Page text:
While you may not see a body impression, the issue you have isn't one from sagging due to use, but one of a new item being delivered that seems to have an initial defect, or one of a "warranty of merchantability". The item being delivered isn't proper for its intended purpose. It would be similar to getting a new stove delivered and one of the burners doesn't work. So I definitely would politely contact the retailer and state that there is a defect in the new product that was delivered and you'd like a replacement sent out.
I'm sorry about your retailer seeming to have a bad reputation for customer service (this is something I recommend to check out before making a purchase, as you choose them, they don't choose you), but I would give them a chance to make things right. If the mattress truly has a defect, they would send this back to the manufacturer and they would receive a credit or a new item from the manufacturer. If they damaged the item in transit, then this is their own responsibility, but not something you should be forced to accept. But I can't tell from photos if there is truly a defect in your mattress - I can only give you some good guesses and then logical options to pursue.
I hope you're able to get things resolved to your satisfaction!
Jeff Scheuer, The Beducator
Mattress To Go
Thank you Jeff Beducator Expert Member for offering your expert and addressing aboutabed10 concerns.
I am not a foam chemist but in addition to Jeff’s comments I just confirmed with one of our upcoming experts and one of our Trusted Members here , Steve Russo, the CEO and cofounder of Luma Sleep and the former CEO of Latex International/Talalay Global who has many years of experience in foams and bedding materials & componentry amongst other things, that part of the problem is that unlike latex when the memory foam in the mattress go so cold and reaches below the “glass” transition temperature of the memory foam material it causes the foam to change from a viscous foam to a solid. It’s more technical than this, but suffice it to say that the extreme cold has changed the properties of the material in this product and that it will not perform as it was designed to. What very few people know is that the memory foam is permanently changed – it will not perform as it is supposed to even after it gets back to room temp (warm). In addition to the other issues with this product I would recommend to seriously consider if you wish to keep it or return it for a refund.
I look forward to any follow-up or updates that you might have.
Thanks Phoenix. I'm not sure if I can convince Steinhafels of this... or perhaps just do the exchange on a warmer day, but the weather here has been pretty brutal.
I am really surprised and disappointed that all of these manufacturers have kept their lips sealed about what happens during winter deliveries. There are hundreds of beds delivered every day with these foams in it throughout colder parts of the country, and they're all frozen. None of the trucks are heated in the back.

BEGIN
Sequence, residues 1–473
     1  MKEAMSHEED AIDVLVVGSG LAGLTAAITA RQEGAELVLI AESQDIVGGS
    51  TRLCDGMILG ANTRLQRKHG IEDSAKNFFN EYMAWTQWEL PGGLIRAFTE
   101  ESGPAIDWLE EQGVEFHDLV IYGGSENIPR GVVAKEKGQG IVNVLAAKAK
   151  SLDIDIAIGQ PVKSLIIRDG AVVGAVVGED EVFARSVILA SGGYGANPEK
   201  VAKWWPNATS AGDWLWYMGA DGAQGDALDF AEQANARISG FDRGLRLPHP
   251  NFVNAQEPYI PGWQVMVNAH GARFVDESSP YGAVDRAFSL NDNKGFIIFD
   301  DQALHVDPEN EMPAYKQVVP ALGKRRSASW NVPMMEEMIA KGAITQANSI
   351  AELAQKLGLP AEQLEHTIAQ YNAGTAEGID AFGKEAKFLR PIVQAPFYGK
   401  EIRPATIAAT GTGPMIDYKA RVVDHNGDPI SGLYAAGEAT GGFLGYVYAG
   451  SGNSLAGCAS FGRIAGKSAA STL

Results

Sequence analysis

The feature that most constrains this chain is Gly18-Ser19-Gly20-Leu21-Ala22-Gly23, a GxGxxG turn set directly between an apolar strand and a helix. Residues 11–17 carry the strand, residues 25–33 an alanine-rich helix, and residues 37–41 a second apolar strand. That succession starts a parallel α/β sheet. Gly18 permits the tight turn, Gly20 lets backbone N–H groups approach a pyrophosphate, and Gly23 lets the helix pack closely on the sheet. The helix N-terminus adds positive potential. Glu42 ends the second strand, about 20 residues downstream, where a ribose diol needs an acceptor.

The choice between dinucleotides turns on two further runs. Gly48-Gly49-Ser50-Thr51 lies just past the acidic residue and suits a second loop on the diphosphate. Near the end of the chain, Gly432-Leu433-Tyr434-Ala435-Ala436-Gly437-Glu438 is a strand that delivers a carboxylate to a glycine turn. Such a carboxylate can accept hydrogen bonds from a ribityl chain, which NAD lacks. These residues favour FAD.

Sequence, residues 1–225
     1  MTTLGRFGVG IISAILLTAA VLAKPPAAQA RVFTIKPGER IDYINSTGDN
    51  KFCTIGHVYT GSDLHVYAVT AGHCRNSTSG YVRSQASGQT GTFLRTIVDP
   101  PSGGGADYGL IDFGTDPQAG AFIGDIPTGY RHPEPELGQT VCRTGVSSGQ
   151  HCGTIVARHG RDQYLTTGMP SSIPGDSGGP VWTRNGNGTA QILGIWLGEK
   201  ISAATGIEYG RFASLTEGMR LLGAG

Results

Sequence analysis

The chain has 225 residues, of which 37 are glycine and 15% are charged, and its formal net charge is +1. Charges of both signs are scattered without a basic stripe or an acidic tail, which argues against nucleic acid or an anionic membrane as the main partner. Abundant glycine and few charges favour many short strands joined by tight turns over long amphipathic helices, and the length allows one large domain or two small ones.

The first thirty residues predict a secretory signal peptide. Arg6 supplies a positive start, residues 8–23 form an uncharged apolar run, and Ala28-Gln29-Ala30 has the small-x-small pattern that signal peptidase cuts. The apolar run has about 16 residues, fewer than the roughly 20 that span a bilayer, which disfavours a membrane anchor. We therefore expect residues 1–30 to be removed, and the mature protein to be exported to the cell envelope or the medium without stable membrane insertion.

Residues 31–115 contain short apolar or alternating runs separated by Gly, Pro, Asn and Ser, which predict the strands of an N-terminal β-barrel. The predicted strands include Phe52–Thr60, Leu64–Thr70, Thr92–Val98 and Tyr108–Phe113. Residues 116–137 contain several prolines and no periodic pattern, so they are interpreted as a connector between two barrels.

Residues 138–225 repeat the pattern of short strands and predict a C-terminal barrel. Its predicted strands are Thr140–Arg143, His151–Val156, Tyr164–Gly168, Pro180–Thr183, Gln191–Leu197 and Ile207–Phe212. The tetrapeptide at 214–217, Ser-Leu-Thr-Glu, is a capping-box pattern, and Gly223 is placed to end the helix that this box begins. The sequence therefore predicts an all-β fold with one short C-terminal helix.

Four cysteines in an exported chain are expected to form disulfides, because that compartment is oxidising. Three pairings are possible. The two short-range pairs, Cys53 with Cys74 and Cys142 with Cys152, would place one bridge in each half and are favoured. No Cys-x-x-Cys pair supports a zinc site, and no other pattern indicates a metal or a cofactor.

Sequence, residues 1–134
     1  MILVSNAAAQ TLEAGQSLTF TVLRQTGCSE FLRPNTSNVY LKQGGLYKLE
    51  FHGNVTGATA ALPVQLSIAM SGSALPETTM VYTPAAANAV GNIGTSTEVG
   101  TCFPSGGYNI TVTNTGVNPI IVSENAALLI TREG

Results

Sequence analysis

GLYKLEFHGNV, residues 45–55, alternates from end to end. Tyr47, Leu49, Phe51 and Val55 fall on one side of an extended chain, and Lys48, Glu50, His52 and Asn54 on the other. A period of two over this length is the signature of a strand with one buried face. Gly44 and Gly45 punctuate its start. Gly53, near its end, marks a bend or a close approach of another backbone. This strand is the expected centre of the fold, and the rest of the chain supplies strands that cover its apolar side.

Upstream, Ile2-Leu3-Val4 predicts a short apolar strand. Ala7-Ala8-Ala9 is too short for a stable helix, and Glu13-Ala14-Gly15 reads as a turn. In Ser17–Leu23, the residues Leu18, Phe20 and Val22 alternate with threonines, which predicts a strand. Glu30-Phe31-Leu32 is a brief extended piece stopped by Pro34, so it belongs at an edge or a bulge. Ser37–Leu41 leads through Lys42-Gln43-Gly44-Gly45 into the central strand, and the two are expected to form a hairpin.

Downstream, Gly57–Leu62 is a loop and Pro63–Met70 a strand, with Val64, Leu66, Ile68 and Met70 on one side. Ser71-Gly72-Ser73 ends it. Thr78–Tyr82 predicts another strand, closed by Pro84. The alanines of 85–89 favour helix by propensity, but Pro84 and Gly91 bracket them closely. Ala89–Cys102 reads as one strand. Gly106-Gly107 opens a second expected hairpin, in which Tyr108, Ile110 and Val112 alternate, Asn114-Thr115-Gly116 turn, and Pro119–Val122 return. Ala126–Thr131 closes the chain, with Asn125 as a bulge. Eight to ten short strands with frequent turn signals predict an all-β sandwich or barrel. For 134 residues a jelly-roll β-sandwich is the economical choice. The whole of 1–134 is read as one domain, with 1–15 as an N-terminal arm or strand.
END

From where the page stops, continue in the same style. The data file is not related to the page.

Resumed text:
I certainly understand you concern, but memory foam has been delivered for decades to consumers without issue - there isn't a conspiratorial plan in effect that retailers or manufacturers have in place regarding delivery of such items in colder temperatures and they don't all arrive damaged or "frozen" (but certainly can be less viscous). But companies should advise consumers in colder climates to allow any mattress, regardless of componentry, to reach room temperature before use (and many companies do offer such advice). And any product should be handled with care by delivery staff, regardless of temperature.
It is possible that memory foam (or even latex with certain phase change materials added) can be damaged when held for extended periods of time at certain angles or compressed states and then "bent back" or used before being allowed to acclimate fully in extreme conditions. There have been rare instances with raw materials transported across the country for days during extremely cold temperatures and then expanded too quickly causing damage. But most mattresses being delivered are held in a flat orientation and are not on the back of a delivery truck long enough, even in extremely cold temperatures, to cause such an issue.
With that being said, there certainly seems to be a defect in your mattress, but without cutting the product open no one would be able to tell the exact nature of the cause of that defect, and the best that can be offered can be speculation based upon the location of the defect in the photos. There could be a defect in the innerspring unit. The product could have been bent excessively during storage in a warehouse or upon transit to your home. The product could have had foam layers shifting if it was stored on its side for a longer period of time. The top quilt panel could be cut too large. Or a combination of these things, combined with temperature and how the product was handled when brought into your home (bending while very cold) could be the culprit. As it is elevated in the corner (which would generally not be caused/held up by a thin comfort layer using memory foam that was very cold), and your other item was delivered in satisfactory condition, I would lean toward some sort of an innerspring defect/damage or assembly fault being the culprit.
If you're getting an exchange, I think your thought about having something done on a bit of a warmer day (not - 10) would be a great idea, as well as making sure that the item is transported flat and handled well and not bent excessively while being brought into your home, would be good guidelines. You should then be fine in such a scenario.
Good luck getting this all fixed!
Jeff Scheuer, The Beducator
Beducation / Mattress To Go